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Chichén Itzá MEX - Las Monjas east side 03
Las Monjas is one of the more notable structures at Chichen Itza.
It is a complex of Terminal Classic buildings constructed in the Puuc architectural style. The Spanish named this complex Las Monjas ("The Nuns" or "The Nunnery") but it was actually a governmental palace.
Just to the east is a small temple (known as the La Iglesia, "The Church") decorated with elaborate masks.
The Las Monjas group is distinguished by its concentration of hieroglyphic texts dating to the Late to Terminal Classic. These texts frequently mention a ruler by the name of Kakupakal.
El Caracol ("The Snail") is located to the north of Las Monjas. It is a round building on a large square platform.
It gets its name from the stone spiral staircase inside. The structure, with its unusual placement on the platform and its round shape (the others are rectangular, in keeping with Maya practice), is theorized to have been a proto-observatory with doors and windows aligned to astronomical events, specifically around the path of Venus as it traverses the heavens.
Akab Dzib is located to the east of the Caracol. The name means, in Yucatec Mayan, "Dark (in the "Mysterious" sense) Writing." An earlier name of the building, according to a translation of glyphs in the Casa Colorada, is Wa(k)wak Puh Ak Na, "the flat house with the excessive number of chambers,” and it was the home of the administrator of Chichén Itzá, kokom Yahawal Cho' K’ak’.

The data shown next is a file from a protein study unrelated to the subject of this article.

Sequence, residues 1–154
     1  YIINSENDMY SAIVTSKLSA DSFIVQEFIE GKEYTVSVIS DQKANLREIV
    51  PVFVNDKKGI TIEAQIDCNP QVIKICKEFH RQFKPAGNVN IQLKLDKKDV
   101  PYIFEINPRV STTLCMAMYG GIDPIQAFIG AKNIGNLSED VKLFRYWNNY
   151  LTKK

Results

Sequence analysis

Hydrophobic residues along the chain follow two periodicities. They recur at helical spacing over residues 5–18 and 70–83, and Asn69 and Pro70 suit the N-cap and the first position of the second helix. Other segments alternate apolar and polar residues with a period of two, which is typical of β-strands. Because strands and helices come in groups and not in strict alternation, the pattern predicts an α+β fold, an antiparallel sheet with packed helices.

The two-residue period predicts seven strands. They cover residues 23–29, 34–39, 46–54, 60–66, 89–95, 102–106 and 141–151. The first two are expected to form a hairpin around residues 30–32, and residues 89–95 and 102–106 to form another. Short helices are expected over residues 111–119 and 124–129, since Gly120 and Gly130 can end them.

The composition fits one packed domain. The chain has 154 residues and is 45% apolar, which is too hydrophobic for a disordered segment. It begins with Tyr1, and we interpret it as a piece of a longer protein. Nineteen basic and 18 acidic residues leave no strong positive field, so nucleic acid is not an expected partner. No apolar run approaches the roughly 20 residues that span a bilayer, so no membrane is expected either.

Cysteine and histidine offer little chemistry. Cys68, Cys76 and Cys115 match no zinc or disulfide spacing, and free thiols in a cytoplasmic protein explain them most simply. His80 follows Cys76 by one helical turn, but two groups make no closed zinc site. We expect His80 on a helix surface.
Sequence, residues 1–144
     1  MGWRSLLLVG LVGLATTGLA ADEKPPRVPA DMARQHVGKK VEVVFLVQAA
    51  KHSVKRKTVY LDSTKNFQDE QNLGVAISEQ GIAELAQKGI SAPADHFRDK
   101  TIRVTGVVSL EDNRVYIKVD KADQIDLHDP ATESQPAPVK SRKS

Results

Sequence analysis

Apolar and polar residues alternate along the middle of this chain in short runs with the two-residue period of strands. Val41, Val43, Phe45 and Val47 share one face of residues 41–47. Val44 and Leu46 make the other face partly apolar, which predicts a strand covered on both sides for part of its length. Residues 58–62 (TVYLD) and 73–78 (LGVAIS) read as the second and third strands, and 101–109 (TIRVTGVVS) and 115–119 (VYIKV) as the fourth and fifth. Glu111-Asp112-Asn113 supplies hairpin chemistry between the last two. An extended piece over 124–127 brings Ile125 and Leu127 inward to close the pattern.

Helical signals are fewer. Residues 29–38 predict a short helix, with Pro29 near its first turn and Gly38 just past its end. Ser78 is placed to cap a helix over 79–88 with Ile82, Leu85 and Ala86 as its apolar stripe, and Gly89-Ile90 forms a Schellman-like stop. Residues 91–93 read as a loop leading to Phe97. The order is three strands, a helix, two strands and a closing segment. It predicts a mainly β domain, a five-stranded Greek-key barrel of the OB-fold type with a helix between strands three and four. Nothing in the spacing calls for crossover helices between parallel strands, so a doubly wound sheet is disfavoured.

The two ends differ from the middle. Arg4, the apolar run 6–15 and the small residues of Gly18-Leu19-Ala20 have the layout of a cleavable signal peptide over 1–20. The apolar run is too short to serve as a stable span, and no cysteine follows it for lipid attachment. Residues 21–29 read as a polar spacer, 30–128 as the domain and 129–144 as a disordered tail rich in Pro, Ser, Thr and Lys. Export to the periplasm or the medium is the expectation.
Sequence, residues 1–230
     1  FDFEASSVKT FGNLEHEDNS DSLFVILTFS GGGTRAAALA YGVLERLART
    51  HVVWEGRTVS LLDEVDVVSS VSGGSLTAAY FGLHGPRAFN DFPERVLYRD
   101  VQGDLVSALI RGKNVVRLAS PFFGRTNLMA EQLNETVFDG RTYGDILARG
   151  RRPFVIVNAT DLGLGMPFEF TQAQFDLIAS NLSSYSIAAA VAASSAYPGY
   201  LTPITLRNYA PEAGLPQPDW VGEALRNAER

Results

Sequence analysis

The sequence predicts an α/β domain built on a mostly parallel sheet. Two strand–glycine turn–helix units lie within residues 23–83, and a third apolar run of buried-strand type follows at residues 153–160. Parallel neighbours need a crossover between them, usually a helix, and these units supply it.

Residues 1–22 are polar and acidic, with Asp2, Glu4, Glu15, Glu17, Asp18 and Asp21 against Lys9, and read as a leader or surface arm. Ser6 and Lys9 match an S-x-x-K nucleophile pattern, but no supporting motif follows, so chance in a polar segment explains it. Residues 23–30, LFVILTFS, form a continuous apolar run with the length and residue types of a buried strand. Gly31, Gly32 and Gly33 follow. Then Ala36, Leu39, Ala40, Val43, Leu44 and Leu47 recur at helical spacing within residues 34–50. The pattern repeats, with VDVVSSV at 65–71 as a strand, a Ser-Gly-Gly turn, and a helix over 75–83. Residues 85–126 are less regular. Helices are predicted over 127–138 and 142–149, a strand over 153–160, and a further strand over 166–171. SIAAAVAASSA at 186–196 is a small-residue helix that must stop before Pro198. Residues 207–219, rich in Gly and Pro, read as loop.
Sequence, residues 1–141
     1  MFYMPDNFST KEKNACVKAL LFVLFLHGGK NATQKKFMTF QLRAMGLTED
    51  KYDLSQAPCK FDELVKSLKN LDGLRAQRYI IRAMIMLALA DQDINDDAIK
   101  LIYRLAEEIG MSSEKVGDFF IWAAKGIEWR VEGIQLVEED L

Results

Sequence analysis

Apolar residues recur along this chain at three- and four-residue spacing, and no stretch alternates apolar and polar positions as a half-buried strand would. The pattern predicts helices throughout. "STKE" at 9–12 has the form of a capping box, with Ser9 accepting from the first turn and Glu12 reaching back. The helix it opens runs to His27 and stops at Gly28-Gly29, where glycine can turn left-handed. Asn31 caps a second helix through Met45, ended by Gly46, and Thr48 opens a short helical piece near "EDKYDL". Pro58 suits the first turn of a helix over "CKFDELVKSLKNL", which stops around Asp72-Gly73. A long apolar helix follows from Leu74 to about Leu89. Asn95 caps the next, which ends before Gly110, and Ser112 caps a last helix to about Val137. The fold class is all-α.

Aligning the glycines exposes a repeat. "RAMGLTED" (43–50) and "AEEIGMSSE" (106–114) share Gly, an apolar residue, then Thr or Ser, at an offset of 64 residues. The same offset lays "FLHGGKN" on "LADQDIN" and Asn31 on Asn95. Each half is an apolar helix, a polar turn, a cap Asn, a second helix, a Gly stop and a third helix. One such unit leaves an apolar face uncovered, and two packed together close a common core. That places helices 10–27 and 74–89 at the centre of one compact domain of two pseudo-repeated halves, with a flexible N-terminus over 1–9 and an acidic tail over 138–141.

INAH completed a restoration of the building in 2007. It is relatively short, only 6 metres high, and is 50 metres in length and 15 metres wide. The long, western-facing facade has seven doorways. The eastern facade has only four doorways, broken by a large staircase that leads to the roof. This apparently was the front of the structure, and looks out over what is today a steep, but dry, cenote. The southern end of the building has one entrance. The door opens into a small chamber and on the opposite wall is another doorway, above which on the lintel are intricately carved glyphs—the “mysterious” or “obscure” writing that gives the building its name today.
Under the lintel in the door jamb is another carved panel of a seated figure surrounded by more glyphs. Inside one of the chambers, near the ceiling, is a painted hand print.